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How we see the West June 09, 2003

How we see the West

A life-threatening stroke in Idaho’s Craters of the Moon National Monument puts the author’s fight for wilderness into perspective. Also in this issue: Frustrated by Utah’s anti-wilderness moves, the national outdoor-equipment industry threatens to move its twice-yearly giant Outdoor Retailer show out of Salt Lake City.

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A losing battle May 26, 2003

A losing battle

Billions of dollars are being spent to fight Western wildfires, but some scientists now believe that the big blowups can’t be prevented, and that they may be good for the health of the forests. Also in this issue:Environmentalists fear the Republican-sponsored "Healthy Forests Restoration Act of 2003" – intended to prevent wildfires – will prove anything but healthy for the forests.

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Planting time May 12, 2003

Planting time

The native-seeds business is thriving, as more Westerners realize the value of a restored and healthy rangeland, but the current unfriendly political climate in Washington, D.C., may bring an untimely frost. Also in this issue:The Clinton-era Sierra Nevada Framework is being dismantled under the Bush administration, and California spotted owls, denied protection as endangered species, may pay the price.

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Indian Power April 28, 2003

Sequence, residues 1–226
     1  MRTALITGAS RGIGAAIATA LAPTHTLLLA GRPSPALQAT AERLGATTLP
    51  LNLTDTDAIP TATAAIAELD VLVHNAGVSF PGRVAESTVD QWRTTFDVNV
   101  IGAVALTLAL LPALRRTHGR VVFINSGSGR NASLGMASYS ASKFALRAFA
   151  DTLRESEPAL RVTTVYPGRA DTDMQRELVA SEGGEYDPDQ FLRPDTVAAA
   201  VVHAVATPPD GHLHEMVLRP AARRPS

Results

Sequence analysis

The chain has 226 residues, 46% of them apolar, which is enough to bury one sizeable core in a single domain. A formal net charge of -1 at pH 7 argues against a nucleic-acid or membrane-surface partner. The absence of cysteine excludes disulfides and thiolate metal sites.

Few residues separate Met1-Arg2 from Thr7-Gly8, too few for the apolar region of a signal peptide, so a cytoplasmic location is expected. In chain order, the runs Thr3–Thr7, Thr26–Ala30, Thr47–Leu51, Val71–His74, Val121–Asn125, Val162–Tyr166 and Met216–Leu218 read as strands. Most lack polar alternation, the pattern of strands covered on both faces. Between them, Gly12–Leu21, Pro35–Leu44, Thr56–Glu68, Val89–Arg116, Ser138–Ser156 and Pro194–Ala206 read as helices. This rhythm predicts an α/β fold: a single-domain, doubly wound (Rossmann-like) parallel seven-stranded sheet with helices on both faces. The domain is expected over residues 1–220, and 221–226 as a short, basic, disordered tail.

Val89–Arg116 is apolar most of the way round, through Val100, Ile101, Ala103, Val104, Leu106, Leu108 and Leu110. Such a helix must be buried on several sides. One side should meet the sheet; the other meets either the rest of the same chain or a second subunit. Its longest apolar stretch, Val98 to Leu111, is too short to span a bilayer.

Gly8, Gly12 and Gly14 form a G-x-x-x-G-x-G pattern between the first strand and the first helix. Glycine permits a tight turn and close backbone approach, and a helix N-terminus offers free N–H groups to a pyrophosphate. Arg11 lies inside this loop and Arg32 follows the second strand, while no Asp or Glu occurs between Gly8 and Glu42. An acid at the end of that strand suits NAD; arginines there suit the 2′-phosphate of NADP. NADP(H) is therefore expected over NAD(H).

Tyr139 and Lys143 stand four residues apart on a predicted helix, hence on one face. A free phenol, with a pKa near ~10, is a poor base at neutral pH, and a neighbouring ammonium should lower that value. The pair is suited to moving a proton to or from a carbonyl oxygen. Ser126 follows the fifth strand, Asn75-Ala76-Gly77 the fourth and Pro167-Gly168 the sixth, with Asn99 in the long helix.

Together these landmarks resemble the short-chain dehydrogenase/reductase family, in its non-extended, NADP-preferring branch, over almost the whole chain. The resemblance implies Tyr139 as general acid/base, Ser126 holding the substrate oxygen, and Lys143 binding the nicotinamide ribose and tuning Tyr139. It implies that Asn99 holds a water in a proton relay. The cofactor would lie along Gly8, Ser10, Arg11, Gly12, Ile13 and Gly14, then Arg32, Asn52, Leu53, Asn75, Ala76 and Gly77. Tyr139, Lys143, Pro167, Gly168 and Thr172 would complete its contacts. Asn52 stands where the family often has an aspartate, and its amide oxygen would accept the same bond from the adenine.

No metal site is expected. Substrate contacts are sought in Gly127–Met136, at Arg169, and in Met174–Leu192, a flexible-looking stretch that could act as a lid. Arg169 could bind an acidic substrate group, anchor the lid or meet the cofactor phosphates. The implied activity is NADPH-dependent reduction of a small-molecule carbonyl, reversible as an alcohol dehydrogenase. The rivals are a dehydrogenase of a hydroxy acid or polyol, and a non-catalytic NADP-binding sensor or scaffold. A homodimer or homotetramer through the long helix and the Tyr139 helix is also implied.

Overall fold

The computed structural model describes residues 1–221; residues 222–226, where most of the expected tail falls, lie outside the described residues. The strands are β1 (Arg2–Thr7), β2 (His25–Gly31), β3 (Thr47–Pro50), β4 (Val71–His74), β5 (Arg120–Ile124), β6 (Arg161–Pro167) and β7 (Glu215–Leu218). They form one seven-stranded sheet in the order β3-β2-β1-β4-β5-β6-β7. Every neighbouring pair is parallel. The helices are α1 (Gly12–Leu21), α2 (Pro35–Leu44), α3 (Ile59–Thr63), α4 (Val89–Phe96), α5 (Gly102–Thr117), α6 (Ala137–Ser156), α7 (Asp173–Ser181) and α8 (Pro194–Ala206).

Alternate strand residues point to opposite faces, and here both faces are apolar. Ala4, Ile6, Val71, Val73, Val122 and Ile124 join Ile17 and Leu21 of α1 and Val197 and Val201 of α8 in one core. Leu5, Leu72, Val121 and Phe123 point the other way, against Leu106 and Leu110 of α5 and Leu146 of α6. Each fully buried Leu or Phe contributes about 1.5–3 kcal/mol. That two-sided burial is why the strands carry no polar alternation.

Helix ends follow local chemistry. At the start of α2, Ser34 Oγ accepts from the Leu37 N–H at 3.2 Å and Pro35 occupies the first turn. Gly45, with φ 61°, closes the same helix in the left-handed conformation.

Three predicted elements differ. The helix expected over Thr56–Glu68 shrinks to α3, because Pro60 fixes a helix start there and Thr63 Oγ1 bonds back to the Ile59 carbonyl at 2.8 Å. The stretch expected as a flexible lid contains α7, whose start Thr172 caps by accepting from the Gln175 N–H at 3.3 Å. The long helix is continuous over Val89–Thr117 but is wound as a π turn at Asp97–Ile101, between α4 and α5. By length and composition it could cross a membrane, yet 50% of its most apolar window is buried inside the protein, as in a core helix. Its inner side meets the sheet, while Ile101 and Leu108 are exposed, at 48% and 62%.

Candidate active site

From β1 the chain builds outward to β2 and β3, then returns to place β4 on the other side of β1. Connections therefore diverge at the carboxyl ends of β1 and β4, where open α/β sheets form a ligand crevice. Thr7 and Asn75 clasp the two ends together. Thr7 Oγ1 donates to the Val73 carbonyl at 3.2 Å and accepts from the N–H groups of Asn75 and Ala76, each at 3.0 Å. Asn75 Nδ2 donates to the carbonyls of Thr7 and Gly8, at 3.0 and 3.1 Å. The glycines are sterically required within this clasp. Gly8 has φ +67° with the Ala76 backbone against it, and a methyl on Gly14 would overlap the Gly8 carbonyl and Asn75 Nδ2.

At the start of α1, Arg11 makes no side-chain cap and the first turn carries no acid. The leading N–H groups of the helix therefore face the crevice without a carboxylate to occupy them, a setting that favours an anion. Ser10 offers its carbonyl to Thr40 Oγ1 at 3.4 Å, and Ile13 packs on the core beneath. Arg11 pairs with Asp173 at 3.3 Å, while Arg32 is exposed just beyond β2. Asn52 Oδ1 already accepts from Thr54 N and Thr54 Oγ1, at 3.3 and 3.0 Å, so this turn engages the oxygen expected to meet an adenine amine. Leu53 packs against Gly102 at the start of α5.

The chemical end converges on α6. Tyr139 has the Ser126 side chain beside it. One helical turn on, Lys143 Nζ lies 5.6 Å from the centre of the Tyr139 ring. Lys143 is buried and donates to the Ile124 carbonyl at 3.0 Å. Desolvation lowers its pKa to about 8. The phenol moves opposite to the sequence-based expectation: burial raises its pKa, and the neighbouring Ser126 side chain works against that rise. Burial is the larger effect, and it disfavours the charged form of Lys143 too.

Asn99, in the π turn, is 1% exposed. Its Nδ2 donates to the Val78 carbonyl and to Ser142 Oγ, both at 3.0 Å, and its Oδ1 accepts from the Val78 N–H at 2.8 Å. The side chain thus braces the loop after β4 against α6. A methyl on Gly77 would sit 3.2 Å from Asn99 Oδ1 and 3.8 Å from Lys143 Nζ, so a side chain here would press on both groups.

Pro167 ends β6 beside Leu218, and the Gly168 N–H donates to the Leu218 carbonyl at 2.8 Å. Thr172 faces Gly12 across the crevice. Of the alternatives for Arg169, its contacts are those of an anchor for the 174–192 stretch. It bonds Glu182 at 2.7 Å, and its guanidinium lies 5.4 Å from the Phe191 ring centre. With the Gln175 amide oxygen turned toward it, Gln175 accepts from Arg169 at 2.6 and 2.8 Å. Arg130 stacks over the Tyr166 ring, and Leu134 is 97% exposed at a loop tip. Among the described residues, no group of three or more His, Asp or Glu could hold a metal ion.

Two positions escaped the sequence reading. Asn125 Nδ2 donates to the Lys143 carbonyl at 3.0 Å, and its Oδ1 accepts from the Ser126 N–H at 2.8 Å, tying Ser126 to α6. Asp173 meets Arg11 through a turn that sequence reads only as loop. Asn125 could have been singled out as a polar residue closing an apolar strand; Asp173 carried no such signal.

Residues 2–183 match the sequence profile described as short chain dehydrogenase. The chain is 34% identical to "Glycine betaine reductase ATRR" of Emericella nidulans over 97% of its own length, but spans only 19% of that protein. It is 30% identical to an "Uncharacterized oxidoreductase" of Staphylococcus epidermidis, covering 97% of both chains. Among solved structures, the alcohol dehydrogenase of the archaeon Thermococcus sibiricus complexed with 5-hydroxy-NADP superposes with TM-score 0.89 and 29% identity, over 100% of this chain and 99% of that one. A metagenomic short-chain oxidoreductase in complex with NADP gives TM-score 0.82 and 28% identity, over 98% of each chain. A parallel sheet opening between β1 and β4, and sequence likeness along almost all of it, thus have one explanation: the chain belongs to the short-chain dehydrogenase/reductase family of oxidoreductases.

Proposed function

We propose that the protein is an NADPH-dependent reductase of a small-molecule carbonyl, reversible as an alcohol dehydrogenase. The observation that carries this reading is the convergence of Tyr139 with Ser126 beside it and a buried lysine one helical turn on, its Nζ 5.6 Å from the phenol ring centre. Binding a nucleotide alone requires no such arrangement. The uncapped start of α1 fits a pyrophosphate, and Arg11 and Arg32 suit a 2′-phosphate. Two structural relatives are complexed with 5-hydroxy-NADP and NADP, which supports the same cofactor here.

Indian Power

Fueled by money from casino gambling, New Mexico’s Indian pueblos and reservations are throwing their political weight into the state’s water tug-of-war. Also in this issue:Starting in Utah, Interior Secretary Gale Norton has slammed the door shut on new BLM wilderness proposals and inventories and wilderness study areas.

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Change comes slowly to Escalante county April 14, 2003

Change comes slowly to Escalante county

Just as it seemed the local communities were starting to accept the BLM’s Grand Staircase-Escalante National Monument, the rise of conservative national politics has helped to revive old grudges and stir up opposition. Also in this issue: Conservationists say it’s too soon for the U.S. Fish and Wildlife Service to declare that wolves are no longer endangered.

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Tinkering with Nature March 31, 2003

Tinkering with Nature

Predator control may have a small place in saving endangered species, but it makes a lot more sense to bring back an ecosystem’s keystone species – as can be seen in Yellowstone, since wolves have returned. Also in this issue:Fallon, Nev., is home to the fastest-growing cancer cluster in U.S. history, and some researchers suspect that the seemingly harmless metal tungsten may be to blame.

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Bracing against the tide March 17, 2003

Bracing against the tide